To the editor:
I don't understand the scientific community's reluctance to engage in conversations with the proponents of "intelligent design." National surveys have shown that many Americans know very little about science. The discussions in Kansas regarding the new science standards have been pretty superficial thus far. Not a few of the letters and articles published in the Journal-World, as well as various comments made in the Board of Education hearings, illustrate this point.
I would think that biologists and their allies would jump at the chance to educate the public and broadcast their ideas. The refusal to debate comes across as arrogance, insecurity or both.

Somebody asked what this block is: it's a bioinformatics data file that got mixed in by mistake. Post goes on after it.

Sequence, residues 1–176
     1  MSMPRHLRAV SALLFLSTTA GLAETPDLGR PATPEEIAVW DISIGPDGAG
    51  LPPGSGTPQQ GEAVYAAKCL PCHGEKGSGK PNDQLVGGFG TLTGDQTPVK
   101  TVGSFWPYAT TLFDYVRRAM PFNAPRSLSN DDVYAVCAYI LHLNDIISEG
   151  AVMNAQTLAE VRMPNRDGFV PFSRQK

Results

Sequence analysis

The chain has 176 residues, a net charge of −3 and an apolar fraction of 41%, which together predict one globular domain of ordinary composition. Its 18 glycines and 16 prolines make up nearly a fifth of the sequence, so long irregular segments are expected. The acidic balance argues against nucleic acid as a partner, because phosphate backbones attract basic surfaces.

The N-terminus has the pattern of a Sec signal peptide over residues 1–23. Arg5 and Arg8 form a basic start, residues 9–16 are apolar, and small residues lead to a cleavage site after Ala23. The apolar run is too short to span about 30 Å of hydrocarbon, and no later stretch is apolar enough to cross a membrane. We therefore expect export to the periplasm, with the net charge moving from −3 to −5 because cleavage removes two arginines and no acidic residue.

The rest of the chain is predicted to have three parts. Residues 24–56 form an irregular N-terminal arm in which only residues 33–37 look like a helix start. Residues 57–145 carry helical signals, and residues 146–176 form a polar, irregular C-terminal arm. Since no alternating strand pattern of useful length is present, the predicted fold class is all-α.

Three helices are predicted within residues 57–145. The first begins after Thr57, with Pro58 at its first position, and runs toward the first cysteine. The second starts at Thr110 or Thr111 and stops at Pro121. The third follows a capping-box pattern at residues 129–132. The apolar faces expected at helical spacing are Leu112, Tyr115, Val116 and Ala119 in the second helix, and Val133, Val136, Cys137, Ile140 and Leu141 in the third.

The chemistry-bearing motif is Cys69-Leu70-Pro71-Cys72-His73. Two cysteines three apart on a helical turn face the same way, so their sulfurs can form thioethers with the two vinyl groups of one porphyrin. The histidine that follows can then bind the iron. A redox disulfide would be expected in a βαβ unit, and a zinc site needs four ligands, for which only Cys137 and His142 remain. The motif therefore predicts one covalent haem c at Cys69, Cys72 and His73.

Teaching "intelligent design" in biology classrooms is a bad idea. However, the minority report submitted to the committee rewriting the standards includes some good ideas. The authors asked the committee and the board to pay additional attention to the history and nature of science. This is right on target.
If students (and their parents) learn about the origins of "modern" science, the presuppositions upon which the biological sciences rest and the models of explanation which they employ, they will have a better understanding of the scientific enterprise and some of the mistrust which underlies the evolution controversy might be dispelled.
John C. English,